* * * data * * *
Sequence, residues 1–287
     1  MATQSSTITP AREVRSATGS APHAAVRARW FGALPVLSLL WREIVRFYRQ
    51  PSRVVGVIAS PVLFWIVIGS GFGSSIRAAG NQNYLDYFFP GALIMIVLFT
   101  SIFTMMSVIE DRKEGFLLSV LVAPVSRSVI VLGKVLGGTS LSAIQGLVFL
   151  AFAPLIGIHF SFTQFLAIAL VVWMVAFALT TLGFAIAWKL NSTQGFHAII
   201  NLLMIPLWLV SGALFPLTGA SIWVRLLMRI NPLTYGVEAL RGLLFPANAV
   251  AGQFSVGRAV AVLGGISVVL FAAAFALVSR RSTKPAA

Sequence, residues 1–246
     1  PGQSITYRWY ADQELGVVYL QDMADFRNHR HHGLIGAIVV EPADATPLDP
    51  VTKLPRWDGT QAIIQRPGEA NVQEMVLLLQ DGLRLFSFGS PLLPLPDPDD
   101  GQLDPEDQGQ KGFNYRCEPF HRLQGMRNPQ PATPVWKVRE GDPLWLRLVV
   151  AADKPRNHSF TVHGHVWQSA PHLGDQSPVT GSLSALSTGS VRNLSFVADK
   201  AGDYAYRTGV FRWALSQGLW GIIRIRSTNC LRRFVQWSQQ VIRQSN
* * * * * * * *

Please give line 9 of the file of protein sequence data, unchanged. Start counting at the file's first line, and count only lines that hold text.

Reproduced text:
     1  PGQSITYRWY ADQELGVVYL QDMADFRNHR HHGLIGAIVV EPADATPLDP